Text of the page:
In 1994 I was a freshman in high school. A good boy who followed the rules, got good grades and showed up to work on time… on the outside. On the inside I was a fucking maniac, an animal caged inside a pressure-cooker that wanted to kill, fuck or destroy everything in sight. A ball of hormones and confusion, tightly wrapped in a nice little Catholic school attending, grocery bagging for $4.65 an hour package. I couldn’t wear my black jeans and Metallica shirt to Catholic school, I didn’t have the strength or the self-confidence to stand up to the privileged, pampered, future white collar asshole scumbags of America that ran the place and I definitely didn’t have the courage to be anything more than friends with the ladies.
But alone in my room, cranking Weight on my first stereo at as close to top volume as I could get away with, yelling along with Henry Rollins:
“You’re pathetic and weak / You’re a fake and you lie / I’d like to crush you like an insect / But I don’t want to do the time / Do you really want to confront me? / Do you really want to deal with me? / No! / I didn’t think so!” – “Step Back”
I felt ten fucking feet tall. I felt like Rollins was speaking directly to the war going on inside my head, like maybe at some point he too had been a scrawny little nothing that quietly went about his daily business, keeping his head down and trying not to draw too much attention to himself, all the while wishing he could be something more, wishing he had the stones to “fuck on the floor and break shit” (to borrow a phrase from the man himself, see the Henry Rollins – Up For It DVD).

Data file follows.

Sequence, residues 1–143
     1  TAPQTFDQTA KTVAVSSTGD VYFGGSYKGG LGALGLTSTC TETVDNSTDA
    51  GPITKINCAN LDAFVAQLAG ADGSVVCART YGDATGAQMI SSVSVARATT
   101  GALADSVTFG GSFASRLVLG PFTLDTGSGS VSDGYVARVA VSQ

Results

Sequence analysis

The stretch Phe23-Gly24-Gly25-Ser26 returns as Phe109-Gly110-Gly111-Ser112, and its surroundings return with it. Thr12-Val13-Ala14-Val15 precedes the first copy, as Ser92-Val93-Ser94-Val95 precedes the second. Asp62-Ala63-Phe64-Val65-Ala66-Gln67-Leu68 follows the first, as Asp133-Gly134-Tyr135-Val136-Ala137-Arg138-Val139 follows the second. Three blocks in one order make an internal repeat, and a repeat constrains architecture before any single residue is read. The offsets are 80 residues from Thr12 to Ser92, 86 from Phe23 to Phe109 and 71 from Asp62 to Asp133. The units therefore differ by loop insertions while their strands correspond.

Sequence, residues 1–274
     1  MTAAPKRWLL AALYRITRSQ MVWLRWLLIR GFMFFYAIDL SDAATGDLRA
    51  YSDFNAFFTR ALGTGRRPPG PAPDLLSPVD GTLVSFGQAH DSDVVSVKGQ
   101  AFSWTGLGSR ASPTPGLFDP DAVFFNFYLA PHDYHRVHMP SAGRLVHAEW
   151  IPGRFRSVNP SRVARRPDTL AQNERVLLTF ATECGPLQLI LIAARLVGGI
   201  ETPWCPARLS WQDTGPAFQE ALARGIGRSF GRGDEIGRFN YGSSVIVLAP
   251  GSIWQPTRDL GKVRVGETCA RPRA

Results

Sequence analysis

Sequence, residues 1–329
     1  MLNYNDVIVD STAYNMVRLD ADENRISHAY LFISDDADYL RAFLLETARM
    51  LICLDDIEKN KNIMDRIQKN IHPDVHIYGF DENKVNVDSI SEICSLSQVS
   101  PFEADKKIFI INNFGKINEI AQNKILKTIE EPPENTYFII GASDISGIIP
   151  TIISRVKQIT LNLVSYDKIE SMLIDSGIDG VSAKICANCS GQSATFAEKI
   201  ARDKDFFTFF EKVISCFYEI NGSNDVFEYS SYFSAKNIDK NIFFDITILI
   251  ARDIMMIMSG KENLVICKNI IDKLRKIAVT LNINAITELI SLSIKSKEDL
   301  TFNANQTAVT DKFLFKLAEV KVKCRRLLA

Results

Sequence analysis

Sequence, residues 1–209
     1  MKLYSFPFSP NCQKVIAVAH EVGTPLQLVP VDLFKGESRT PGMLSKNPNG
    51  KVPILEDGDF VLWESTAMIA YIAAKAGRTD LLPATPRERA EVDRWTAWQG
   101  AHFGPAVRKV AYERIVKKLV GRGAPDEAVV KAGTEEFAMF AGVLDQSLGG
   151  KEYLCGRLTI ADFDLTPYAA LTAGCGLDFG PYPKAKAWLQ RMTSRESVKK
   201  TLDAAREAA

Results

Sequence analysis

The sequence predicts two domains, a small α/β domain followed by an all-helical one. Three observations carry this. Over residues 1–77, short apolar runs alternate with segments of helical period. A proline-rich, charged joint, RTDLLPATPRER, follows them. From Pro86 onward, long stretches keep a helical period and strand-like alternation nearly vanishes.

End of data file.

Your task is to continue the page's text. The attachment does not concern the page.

Of course, it also helped that the musical backdrop for Rollins’ vein-popping pep talks was an incredibly rich one. In fact, referring to the music as a backdrop is to do it a great disservice. Rollins Band drew from the entire spectrum of sound as I knew it at the time; rock, metal, prog, blues, funk, punk/hardcore, Weight had it all in spades, making for an album that was crushing but also funky and danceable in some bizzaro-world kind of way, all without sounding silly or contrived. These were men that held Black Sabbath’s apocalyptic doom dirges and George Clinton’s bop gun-fuelled freak-outs in equal esteem. Chris Haskett, Sim Cain and Melvin Gibbs played with the same intensity and conviction that Rollins put into his words, a perfect soundtrack for raging hormones, sexual frustration and a pent up desire for reckless abandon that an existence in the bowels of the Midwest could never hope to gratify.
Even today Weight is an inspiring album for me. Being a little older and wiser(?), I have a better understanding (I think) of where Rollins was coming from with his lyrics, as well as a deeper appreciation of the vast ocean of musical influences Haskett, Cain and Gibbs were drawing from/destroying with. When the pressures of my everyday existence (corporate job, crazy relatives, bills to pay, etc) start to get me down, I still find myself reaching for Weight, still trying to find “grace in times of friction”.
In case you were wondering, yes, this was at least partially inspired by the recent Invisible Oranges interview w/ former Rollins Band bassist Melvin Gibbs, which can be read HERE.
If you’re still feeling nostalgic like I am, here are the two well known music videos from Weight, for the songs “Disconnect” and of course “Liar”.